The French Sex Murders, the giallo from director Ferdinando Merighi, opens with a foot chase up the steps of the Eiffel Tower. Plainclothes police are chasing a fleeing suspect, who then leaps to his death, his identity hidden from the viewer. A detective, Inspector Fontaine (Robert Sacchi), peers over the railing, and reminisces about how this case, now closed, began on the first night of Carnival.
Antoine Gottvalles (Peter Martell) is an unsavory sort. He’s shifty and nervous, and has sticky fingers, stealing jewels and gold from a church. He celebrates his ill-gotten gains by visiting a house of ill-repute, run by Madame Colette (Anita Ekberg). Gottvalles made the mistake of falling in love with one of the girls, Francine (Barbara Bouchet), who, in turn, made the mistake of returning, and then spurning, said love. Enraged, Gottvalles slaps Francine around, and the next audiences see of him, he is leaving the house in a hurry. Soon after, a writer, Randall (Renato Romano), discovers Francine’s body, bludgeoned to death with a table lamp.
Gottvalles is captured, tried, and sentenced to death by guillotine. At sentencing, he pleads his innocence. He declares a curse on all those involved in aiding his conviction, and also on all his friends and acquaintances who didn’t believe his innocence. He swears that he will return from beyond the grave and exact his revenge on them all. His targets are the aforementioned Madame Colette and Randall; his ex-wife and lounge singer Marianne (Rosabla Neri), to whom he fled for safety following the murder, only to be rebuffed; Marianne’s lover and nightclub owner, Pepi (Rolf Eden); and Judge Teschi (William Alexander), who passed sentence. For some reason, Inspector Fontaine doesn’t make his hit list.
Before he can be executed, Gottvalles escapes, and a chase through Paris follows. It’s a short one, though, as Gottvalles, riding a stolen motorcycle, is decapitated when he runs into the back of a parked truck, in effect carrying out the sentence he was given. This is an interesting sequence in the film, as it seems tailored as an optional scene — as if it was constructed so overseas distributors could cut it to reduce the film’s running time and it would have no effect on plot or pacing whatsoever.
Soon after, the targets of Gottvalles’s curse begin turning up dead, and it’s up to Inspector Fontaine to unravel the mystery.
Some of the would-be victims are worried that Gottvalles is carrying out his curse from the grave, but this is no supernatural flick. The principals in the cast, most importantly Inspector Fontaine and Professor Waldemar (Howard Vernon), who is studying Gottvalles’s brain post-mortem, now believe that Gottvalles was innocent of the murder of Francine, and that the true killer is still out there, tying up loose ends.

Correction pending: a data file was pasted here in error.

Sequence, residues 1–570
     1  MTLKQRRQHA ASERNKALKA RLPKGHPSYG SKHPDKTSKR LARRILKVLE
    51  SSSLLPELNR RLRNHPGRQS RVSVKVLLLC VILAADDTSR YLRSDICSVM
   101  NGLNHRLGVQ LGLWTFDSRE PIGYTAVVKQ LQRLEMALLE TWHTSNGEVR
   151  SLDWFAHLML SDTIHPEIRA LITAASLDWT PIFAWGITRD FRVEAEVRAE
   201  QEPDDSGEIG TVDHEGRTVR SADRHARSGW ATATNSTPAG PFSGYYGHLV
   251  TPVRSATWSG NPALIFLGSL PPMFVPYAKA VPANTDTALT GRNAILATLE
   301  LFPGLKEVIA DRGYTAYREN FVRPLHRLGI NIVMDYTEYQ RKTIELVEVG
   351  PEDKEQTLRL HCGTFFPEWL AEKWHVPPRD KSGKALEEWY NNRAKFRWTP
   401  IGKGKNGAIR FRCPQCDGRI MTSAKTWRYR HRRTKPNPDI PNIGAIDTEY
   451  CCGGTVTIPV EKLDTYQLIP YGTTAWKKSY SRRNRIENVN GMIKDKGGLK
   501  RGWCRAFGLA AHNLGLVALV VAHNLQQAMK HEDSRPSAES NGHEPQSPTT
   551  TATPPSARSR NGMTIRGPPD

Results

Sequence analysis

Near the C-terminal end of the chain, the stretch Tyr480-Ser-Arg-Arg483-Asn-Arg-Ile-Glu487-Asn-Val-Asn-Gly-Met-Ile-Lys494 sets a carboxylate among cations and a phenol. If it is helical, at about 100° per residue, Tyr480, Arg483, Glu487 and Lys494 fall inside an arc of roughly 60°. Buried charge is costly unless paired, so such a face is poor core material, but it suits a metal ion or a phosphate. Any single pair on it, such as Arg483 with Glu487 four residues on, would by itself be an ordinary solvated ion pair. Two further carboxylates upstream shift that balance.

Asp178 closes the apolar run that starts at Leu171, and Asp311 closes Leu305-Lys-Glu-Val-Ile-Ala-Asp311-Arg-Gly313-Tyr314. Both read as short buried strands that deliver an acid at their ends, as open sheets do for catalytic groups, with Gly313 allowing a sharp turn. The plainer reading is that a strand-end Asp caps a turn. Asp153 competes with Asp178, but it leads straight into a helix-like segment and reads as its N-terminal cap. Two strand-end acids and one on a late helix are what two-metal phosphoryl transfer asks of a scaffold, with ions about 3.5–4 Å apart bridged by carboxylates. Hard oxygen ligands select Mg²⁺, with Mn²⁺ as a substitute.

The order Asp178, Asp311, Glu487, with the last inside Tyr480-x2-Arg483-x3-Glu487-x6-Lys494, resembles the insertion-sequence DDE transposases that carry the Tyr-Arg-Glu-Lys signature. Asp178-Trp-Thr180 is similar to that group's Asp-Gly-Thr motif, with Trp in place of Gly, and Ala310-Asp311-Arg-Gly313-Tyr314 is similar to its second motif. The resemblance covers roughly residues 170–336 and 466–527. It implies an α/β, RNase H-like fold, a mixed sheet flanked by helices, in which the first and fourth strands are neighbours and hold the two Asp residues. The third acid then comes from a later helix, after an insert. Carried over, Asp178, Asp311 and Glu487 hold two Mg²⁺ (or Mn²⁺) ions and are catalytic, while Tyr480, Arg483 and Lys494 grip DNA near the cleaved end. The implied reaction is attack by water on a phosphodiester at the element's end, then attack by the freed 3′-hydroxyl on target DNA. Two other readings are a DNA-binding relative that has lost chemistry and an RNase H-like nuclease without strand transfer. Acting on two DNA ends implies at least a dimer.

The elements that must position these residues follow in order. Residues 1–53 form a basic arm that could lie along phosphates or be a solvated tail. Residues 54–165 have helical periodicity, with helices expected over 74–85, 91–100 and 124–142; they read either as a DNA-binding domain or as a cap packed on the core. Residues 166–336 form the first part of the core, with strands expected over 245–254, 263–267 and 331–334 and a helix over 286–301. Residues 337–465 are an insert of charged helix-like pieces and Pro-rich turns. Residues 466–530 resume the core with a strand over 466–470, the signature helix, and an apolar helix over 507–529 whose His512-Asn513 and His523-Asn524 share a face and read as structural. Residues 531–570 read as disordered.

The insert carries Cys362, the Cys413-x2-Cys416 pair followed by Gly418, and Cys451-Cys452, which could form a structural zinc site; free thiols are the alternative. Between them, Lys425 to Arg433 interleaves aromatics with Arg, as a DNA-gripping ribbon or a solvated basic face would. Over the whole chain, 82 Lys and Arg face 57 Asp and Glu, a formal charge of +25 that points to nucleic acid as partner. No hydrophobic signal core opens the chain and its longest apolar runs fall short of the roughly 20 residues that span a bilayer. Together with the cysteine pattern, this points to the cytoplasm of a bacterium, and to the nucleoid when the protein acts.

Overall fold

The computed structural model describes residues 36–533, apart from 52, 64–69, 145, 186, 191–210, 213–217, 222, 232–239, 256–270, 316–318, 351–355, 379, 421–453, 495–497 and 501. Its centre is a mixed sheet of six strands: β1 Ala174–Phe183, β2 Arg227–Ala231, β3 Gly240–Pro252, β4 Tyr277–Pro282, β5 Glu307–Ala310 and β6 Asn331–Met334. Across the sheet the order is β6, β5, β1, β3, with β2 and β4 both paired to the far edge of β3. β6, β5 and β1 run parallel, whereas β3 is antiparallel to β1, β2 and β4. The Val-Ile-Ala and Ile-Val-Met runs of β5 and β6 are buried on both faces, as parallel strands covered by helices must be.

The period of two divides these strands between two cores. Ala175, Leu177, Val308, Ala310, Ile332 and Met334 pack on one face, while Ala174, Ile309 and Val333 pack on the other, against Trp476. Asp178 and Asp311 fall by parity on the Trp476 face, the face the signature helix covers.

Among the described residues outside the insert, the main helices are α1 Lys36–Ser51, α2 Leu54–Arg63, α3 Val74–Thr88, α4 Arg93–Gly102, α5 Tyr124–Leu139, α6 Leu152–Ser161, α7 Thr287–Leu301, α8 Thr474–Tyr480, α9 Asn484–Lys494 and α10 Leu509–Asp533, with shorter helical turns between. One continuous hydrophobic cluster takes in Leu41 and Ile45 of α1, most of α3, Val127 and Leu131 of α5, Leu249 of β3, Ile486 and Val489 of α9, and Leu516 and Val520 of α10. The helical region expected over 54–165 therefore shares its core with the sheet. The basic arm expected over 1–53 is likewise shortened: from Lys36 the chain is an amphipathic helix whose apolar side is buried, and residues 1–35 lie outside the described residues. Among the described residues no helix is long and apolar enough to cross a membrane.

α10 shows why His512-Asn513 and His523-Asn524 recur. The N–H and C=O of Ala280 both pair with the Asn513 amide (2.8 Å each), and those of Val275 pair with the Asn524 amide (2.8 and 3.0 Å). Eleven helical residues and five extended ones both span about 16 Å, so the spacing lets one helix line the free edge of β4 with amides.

Like many giallo, the plot is as complicated as an American soap opera, and is packed to the gills with subplots and peripheral characters that somehow merit extensive screen time. There’s a love story between Waldemar’s daughter, Eleonora (Evelyne Kraft), and his assistant, Roger (Franco Borelli), and another subplot involving Pepi and one of his club’s dancers. All this is distraction for the viewer, and for Fontaine, who has to navigate this complicated mess.
Despite the wanderings of the plot, there is enough focus on the core elements that a viewer should still be engaged for denouement. There are innumerable clues for a viewer to ponder. How Fontaine comes to his final conclusion is a bit silly and clichéd, but the final reveal itself is satisfying and unexpected. All that’s left is to see the identity of the person who leapt from the Eiffel Tower at the start.
This isn’t the best giallo one can see. Merighi’s direction was tight, though. He managed to juggle a typically overwrought Italian narrative and keep focus on the important stuff, even if there are sequences that could be lopped off like a gangrenous limb.
Of the performers, Sacchi was the most interesting. This was his first film. He bore a stunning resemblance to Humphrey Bogart, and much of his career after this film was spent imitating the Hollywood legend. He very much channels Bogart as Marlowe or Sam Spade. His voice was dubbed in the English-language version, and the voice bears an uncanny resemblance to Robert De Niro’s. This isn’t the first time I’ve heard this unnamed voice actor dubbing a giallo, and it makes me wonder if Bob was picking up some extra cash in a recording booth in the 1970s.
Howard Vernon was another performer of note. His character’s disaffected, yet curious, manner and workaholic nature conceal a rewarding amount of depth if one pays close attention.
Anita Ekberg, who received top billing, was, unfortunately, just a famous name by this point. Her days of playing the lead were over by 1972, when this film was released.
The larger ensemble was very much up to the task — another indication that Merighi knew what he was doing. Scenes are full of exposition, meaningful or not, but Merighi didn’t always focus on the characters doing the expositing. He would have the camera linger on a character on the periphery, showing us that a character was, perhaps, hearing something relevant to their own mysteries and motivations. It’s a tricky thing, to ask that a character act natural and suspicious at the same time, but it works.
There are giallo galore for a viewer to choose from in this era of streaming. The French Sex Murders is a fine one to take in, even if it wasn’t made by one of the giants of the genre.